From Longman Dictionary of Contemporary Englishentryen‧try /ˈentri/ ●●● S3 W2 noun (plural entries) 1 act of entering [countable, uncountable]ENTER the act of going into something OPP exitentry into It was dark and their entry into the camp had gone unnoticed. Harry made his entry into the village. There was no sign of a forced entry. How did the thieves gain entry (=get in)?2 becoming involved [uncountable]TAKE PART/BE INVOLVED when someone starts to take part in a system, a particular kind of work etc, or the permission they need in order to do thisentry into/to Britain’s entry into the European Union the minimum height for entry into the police force This enabled European banks to gain entry into new markets. the entry requirements for a degree course3 right to enter [uncountable]RIGHT/HAVE THE RIGHT TO the right to enter a place, building etcentry to/into Entry to the gardens is included in the price of admission. The refugees were repeatedly refused entry into (=not allowed in) the country.no entry (=written on signs to show that you are not allowed to go somewhere) an entry visa4 competition [countable] a) TAKE PART/BE INVOLVEDsomething that you write, make, do etc in order to try and win a competition The winning entry will be published in our April issue. What’s the closing date for entries? b) [usually singular]TAKE PART/BE INVOLVED the number of people or things taking part in a competition We’ve attracted a record entry this year.5 something written [countable]TCN a piece of writing in a diary, or in a book containing information such as a dictionary a dictionary entry 6 computer [uncountable]TD the act of putting information into a computer data entry7 door [countable] (also entryway American English)TBB a door, gate, or passage that you go through to enter a place → entrance1(1)COLLOCATIONS – Meaning 1: the act of going into somethingverbsgain entryBurglars use various methods to gain entry to houses.force an entry (=get into a building by breaking a door, window etc)The church was locked, but he managed to force an entry.make your entry (=enter in a way that makes other people notice you)She waited until everyone was sitting down before she made her entry.adjectivesillegal entry (=when someone gets into a building illegally)The two men were later arrested and charged with illegal entry.unauthorized entry (=when someone gets into a place where they are not allowed)There was a big sign on the door saying NO UNAUTHORIZED ENTRY.forced entry (=when someone gets into a building illegally by breaking a door, window etc)There were no signs of a forced entry, but several paintings were missing.entry + NOUNan entry point (=a place where people can enter a country)The 2,000 mile border is the main entry point into the country for illegal aliens. COLLOCATIONS – Meaning 2: when someone starts to take part in a system, a particular kind of work etc, or the permission they need in order to do thisverbsgain entry (=be allowed to take part)You need good exam results to gain entry to the best universities.restrict entry (=stop someone taking part in something)Tariffs on trade have the effect of restricting entry into the market.NOUN + entryuniversity/college/school entryJapan has one of the highest rates of college and university entry in the world.entry + NOUNentry requirementsApplicants must satisfy the normal entry requirements for the school.entry qualificationsWhat are the entry qualifications for the course? COLLOCATIONS – Meaning 3: the right to enter a place, building etcadjectivesfree Guests have free entry to the hotel spa and gym.Entry is free for children.entry + NOUNan entry visa (=a visa which allows you to enter a country)Visitors to the United States must first obtain an entry visa.an entry ticket (=a ticket that allows you to enter a place)The holiday includes a 2-day entry ticket to the Euro Disneyland Theme Park.verbsapply for entryThe number of people applying for entry into the country is increasing every year.allow (somebody) entry (also grant (somebody) entry formal) (=let someone enter a place)Citizens of most EU countries are allowed automatic entry into Britain.refuse/deny (somebody) entry (=stop someone entering)He was refused entry to the club because he was wearing trainers.phrasesno entry (=written on signs to show that you are not allowed to go somewhere)The door had ‘No Entry’ written in large letters.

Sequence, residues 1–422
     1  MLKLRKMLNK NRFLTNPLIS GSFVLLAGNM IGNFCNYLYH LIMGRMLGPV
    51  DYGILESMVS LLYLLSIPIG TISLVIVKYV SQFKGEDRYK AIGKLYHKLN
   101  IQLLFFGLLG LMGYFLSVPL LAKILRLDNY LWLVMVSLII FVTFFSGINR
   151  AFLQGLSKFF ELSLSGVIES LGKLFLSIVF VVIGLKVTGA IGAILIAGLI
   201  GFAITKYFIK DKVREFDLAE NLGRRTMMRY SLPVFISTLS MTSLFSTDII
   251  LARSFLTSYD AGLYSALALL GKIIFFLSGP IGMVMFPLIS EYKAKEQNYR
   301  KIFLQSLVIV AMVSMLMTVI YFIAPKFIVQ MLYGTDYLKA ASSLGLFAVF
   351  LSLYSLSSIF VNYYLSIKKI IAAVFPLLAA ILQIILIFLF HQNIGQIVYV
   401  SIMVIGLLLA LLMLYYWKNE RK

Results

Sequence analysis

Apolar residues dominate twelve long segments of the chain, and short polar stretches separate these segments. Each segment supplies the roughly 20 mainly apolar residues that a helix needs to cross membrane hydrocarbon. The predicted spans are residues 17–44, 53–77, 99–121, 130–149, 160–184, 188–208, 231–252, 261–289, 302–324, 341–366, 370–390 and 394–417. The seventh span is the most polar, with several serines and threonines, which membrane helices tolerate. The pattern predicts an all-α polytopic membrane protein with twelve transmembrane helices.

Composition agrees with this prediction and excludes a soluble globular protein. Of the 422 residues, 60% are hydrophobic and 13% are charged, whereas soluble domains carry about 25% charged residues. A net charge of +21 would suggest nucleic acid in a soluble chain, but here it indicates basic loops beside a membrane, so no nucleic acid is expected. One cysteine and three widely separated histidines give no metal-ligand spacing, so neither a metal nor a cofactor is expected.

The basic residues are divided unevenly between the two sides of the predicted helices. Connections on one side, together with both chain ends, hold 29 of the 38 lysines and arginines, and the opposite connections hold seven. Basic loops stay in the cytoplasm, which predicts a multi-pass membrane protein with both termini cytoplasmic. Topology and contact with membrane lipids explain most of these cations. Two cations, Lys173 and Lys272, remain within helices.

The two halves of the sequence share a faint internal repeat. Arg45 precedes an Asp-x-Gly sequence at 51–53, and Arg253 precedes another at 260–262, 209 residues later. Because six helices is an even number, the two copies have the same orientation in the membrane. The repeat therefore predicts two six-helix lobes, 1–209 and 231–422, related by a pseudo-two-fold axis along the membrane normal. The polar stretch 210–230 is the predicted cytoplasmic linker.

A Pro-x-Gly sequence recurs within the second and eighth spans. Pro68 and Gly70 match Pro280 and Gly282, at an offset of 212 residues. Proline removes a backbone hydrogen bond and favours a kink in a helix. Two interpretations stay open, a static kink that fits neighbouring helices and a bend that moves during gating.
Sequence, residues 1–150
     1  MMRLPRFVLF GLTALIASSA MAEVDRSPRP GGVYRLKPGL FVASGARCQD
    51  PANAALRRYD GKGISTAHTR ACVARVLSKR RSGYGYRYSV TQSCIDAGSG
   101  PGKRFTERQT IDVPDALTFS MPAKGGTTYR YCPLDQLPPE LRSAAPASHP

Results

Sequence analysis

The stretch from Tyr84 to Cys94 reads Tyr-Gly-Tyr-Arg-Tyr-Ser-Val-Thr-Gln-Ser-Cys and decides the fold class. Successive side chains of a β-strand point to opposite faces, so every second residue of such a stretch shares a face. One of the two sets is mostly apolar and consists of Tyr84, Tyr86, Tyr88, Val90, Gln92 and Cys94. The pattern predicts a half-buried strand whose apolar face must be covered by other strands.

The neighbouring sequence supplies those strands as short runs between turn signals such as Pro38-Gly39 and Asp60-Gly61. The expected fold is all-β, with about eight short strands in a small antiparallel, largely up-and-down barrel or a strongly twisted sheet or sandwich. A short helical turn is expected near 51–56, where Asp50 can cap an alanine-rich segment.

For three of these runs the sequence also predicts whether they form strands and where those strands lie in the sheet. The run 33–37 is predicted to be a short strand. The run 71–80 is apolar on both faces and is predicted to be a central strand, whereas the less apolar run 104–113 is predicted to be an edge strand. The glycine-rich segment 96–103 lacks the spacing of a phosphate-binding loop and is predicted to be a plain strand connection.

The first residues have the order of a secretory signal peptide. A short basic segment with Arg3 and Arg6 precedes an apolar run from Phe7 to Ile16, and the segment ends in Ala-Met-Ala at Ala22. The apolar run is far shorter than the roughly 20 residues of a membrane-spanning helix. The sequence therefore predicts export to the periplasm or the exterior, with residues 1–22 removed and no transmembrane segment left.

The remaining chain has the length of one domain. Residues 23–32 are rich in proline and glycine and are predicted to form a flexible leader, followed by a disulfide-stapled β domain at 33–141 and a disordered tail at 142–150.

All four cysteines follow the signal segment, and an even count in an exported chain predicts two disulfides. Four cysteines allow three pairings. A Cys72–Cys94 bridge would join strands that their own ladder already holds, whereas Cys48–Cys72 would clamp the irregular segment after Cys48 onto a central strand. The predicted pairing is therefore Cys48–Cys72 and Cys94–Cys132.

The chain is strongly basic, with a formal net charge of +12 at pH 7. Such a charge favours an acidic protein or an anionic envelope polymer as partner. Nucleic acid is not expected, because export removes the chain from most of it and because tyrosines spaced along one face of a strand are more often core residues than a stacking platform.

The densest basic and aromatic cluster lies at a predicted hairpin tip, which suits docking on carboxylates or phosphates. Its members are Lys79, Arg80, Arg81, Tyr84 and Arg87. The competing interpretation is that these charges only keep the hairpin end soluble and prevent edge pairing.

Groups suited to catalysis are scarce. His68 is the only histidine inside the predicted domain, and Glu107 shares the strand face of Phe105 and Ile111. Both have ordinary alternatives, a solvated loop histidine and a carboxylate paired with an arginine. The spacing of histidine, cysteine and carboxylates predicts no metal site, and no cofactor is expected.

Examples from the Corpusentry• Organizers of the Lawson short story competition have received over 100,000 entries.• All entries for the contest must be received by September 11.• Responsibility will not be accepted for entries lost, delayed, mislaid or damaged in the post.• Her entry in the "Funniest Photo Contest" won third prize.• Also note that the numeric entries can include commas and dollar signs. 7.• It ends on the eve of entry into Canaan.• This may result either from the history of entry in each country or from government regulation.• Certainly, Coleman and no other was the route of entry into the College and into the army veterinary service.• The West Court has a paved entry from the north, but by way of steps down rather than a ramp up.• Wait till the chorus of old men starts announcing the entry of Catullus.• Look up the entry for George Washington in the encyclopedia.• The entry of women into the work force was one of the most significant changes in our society.• The biggest barrier to entry into the video shopping arena has been the lack of available channels offering variety to customers.• The winning entry was a short film from France.entry into• An alarm will signal any unauthorized entry into the lab.entry into/to• Their current goal is to win an entry into Crufts, but maybe this will take a couple of years.• The first correct entry to be drawn at random will be notified by phone and the Guitarist carrier pigeon will do the rest.• A firm which innocently seeks to lower costs and improve product quality may simultaneously be making it harder for entry to occur.• That is the price you have to pay for entry into the game.• Certainly, Coleman and no other was the route of entry into the College and into the army veterinary service.• Current proposals refuse entry to twins.• His triumphal entry into Jerusalem, for example, represents an attempt to conform to one of them.• While entry into the Kingdom has an essential personal and individual element, it also has profound and extensive community ramifications.entry to/into• Just because there is a real opportunity area does not mean that all entries into the area are likely to be successful.• Their current goal is to win an entry into Crufts, but maybe this will take a couple of years.• The freshman dean happened to recognize me in the c owd of unknowns barring entry to the building.• Educational qualifications for entry into the officer corps had been lower than for other comparable elements of the administration.• I decided on a further session in the gym before making my grand entry to the spa complex.• I could feel the pulsing of veins that usually precedes entry into a forbidden, private realm.• At the entry to the U.S.winning entry• Copies of the winning entry will be on display throughout the town and at Darlington Building Society.• The prizes will be awarded to the individual or company named on the winning entry form.• The winning entry may be a simple gadget or husbandry tip.• The winning entry will be published in a future column, as will any other entries we find worth making fun of.• The winning entry will be published in the December issue.• The winning entry will be selected at random by computer.From Longman Business Dictionaryentryen‧try /ˈentri/ noun (plural entries)1[uncountable] formal the arrival of people or goods in a countryborder patrol officers who control illegal entry into the US2[uncountable] (also market entry)MARKETING when a company starts selling goods or services in a market where they have not sold them beforeIn South Korea, smoking rates among teenage boys nearly doubled after the entry of US brands.Technological changes have helped reduce the costs of market entry, especially in telecommunications. → see also barrier to entry3[countable]ACCOUNTING a figure or other piece of information entered in a set of accountsIn a double-entry system of bookkeeping, each debit has a corresponding credit entry.4[uncountable]COMPUTING when you put information into a computerPress Esc to return to menu at any time duringdata entry.Origin entry (1200-1300) Old French entree, from entrer; → ENTER